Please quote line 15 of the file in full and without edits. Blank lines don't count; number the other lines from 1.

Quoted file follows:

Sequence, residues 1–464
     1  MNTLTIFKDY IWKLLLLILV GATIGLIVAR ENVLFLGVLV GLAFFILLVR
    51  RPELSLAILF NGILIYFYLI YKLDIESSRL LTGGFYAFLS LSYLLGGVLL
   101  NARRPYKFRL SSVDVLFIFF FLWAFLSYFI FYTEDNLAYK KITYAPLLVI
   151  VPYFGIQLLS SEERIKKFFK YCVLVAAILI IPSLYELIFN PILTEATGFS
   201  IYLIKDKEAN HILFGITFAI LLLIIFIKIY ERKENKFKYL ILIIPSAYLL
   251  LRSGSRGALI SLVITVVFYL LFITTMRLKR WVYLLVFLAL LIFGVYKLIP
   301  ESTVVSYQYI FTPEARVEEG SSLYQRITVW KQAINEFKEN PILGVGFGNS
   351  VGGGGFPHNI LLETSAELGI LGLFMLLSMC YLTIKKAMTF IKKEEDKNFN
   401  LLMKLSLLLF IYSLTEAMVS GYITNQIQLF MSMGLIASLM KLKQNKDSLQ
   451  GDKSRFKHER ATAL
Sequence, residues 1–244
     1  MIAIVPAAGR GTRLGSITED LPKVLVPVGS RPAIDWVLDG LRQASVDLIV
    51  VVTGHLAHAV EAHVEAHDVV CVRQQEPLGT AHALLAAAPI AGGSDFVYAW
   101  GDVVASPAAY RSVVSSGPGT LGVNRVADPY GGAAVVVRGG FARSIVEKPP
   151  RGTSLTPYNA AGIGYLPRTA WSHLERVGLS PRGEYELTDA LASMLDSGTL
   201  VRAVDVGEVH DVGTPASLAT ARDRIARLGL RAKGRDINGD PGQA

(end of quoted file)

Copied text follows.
   101  GDVVASPAAY RSVVSSGPGT LGVNRVADPY GGAAVVVRGG FARSIVEKPP